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UW Crest with engineering background
November 15, 2023

How machine learning can accelerate the design of next-gen nuclear reactor materials

Written By: Staff

A team of researchers from the University of Wisconsin-Madison and Indian Institute of Science (IISc) has developed machine learning models that can predict changes in the mechanical behavior of materials in a nuclear reactor after they have been irradiated with neutrons.

The researchers demonstrated that these predictive models can significantly reduce the time and cost associated with conducting experiments on neutron irradiation of materials and accelerate the development of materials for advanced nuclear reactors. The team published a paper detailing its advance in October 2023 in the journal Fusion Engineering and Design.

In this project, the researchers focused on special type of steel called ferritic/martensitic steel because it’s more resistant to damage caused by nuclear radiation. A variety of ferritic/martensitic steels can be made by changing the composition and processing conditions, and they behave differently under different levels of radiation exposures at different temperatures. Therefore, it’s important to thoroughly investigate the effects of neutron irradiation on ferritic/martensitic steels to identify the most suitable option for a specific irradiation level in a given reactor.

However, future developments in ferritic/martensitic steels for advanced reactors will require neutron irradiation data, which can be challenging to obtain experimentally because of scarcity of nuclear testing facilities, and the large expenses and time commitments involved.

“Machine learning is extremely valuable for this application because doing neutron irradiation experiments in a test reactor and post-irradiation testing and characterization of the steels can cost millions of dollars and take about six or seven years, not to mention there are very few test reactors in the world,” says Kumar Sridharan, Grainger Professor in the Department of Nuclear Engineering and Engineering Physics and the Department of Materials Science and Engineering at UW-Madison, an author on the recent journal paper. “So I think this is an excellent application of machine learning with a lot of practical value.”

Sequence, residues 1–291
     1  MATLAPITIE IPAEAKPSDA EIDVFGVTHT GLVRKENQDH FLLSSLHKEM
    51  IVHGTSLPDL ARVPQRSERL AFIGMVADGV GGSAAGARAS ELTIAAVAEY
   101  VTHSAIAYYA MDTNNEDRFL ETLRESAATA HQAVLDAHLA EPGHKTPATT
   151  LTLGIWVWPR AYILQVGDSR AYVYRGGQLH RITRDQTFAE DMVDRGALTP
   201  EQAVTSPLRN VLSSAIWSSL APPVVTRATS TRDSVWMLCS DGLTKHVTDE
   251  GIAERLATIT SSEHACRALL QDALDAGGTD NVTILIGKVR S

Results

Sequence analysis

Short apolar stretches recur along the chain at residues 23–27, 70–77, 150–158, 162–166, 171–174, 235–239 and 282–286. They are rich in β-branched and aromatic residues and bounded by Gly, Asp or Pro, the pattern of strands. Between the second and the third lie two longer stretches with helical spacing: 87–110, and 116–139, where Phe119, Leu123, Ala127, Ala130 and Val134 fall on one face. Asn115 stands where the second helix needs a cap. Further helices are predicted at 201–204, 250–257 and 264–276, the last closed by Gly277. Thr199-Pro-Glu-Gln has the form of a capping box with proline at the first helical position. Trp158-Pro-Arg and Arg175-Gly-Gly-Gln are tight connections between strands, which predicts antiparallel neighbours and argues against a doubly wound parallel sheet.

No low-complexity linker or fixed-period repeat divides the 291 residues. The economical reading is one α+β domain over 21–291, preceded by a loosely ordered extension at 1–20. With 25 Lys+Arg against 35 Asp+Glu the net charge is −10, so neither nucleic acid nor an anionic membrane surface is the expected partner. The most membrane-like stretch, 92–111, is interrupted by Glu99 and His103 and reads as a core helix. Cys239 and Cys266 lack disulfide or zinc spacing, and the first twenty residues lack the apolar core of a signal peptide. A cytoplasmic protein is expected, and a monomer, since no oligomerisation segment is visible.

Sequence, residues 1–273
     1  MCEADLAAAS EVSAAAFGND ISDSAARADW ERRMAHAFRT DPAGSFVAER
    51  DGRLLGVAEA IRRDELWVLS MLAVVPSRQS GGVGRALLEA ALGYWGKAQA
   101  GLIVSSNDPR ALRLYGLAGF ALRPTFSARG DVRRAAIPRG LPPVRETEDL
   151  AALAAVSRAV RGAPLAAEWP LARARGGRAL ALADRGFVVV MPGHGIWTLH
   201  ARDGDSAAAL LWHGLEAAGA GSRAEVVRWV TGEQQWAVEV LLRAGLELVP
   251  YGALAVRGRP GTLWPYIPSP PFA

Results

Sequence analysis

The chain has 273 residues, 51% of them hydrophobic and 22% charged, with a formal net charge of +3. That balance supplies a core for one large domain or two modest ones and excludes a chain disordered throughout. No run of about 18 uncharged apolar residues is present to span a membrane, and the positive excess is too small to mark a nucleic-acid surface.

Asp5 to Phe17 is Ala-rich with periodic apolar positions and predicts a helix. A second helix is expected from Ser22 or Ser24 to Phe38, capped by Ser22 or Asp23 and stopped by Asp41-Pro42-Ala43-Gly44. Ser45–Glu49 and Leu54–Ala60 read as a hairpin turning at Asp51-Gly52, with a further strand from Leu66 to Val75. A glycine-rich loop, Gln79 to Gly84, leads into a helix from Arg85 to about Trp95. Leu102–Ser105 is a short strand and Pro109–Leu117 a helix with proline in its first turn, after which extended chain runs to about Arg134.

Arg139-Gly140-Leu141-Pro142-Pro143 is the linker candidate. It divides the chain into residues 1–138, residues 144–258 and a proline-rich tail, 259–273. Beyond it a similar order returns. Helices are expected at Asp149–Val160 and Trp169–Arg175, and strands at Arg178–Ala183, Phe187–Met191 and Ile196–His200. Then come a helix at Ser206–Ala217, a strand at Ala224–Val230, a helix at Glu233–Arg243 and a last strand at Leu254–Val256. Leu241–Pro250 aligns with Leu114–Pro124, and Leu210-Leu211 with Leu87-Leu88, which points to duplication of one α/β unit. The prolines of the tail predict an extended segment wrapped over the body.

Image courtesy of Indian Institute of Science

One approach to investigating the effects of neutron irradiation on these steels is to use physics-based models. However, they require extensive defect characterization data as input, which is missing in most experiments reported in literature.

So, the researchers developed an alternative approach that harnesses machine learning models. They used a large body of data from previous neutron irradiation experiments and applied machine learning concepts to predict changes in mechanical properties for future ferritic/martensitic steels.

The team used an algorithm called SHAP to pinpoint the most important input parameters/variables influencing the strength of ferritic/martensitic steels upon irradiation. Using these variables, the researchers deployed four machine learning algorithms to predict the strength of different ferritic/martensitic steels subjected to varied radiation levels and temperatures.

“This collaboration between IISc and UW-Madison highlights the efficacy of sophisticated yet straightforward machine learning techniques in accurately forecasting the performance of materials such as neutron-irradiated ferritic/martensitic steels,” says Assistant Professor Ankur Chauhan, of Indian Institute of Science. “This marks a substantial advancement in securing dependable structural materials for the next-gen nuclear reactors.”

Additional authors on the journal paper from Indian Institute of Science include Nichenametla Sai Jai, and Punit Rathore.

A version of this story was originally published by Indian Institute of Science.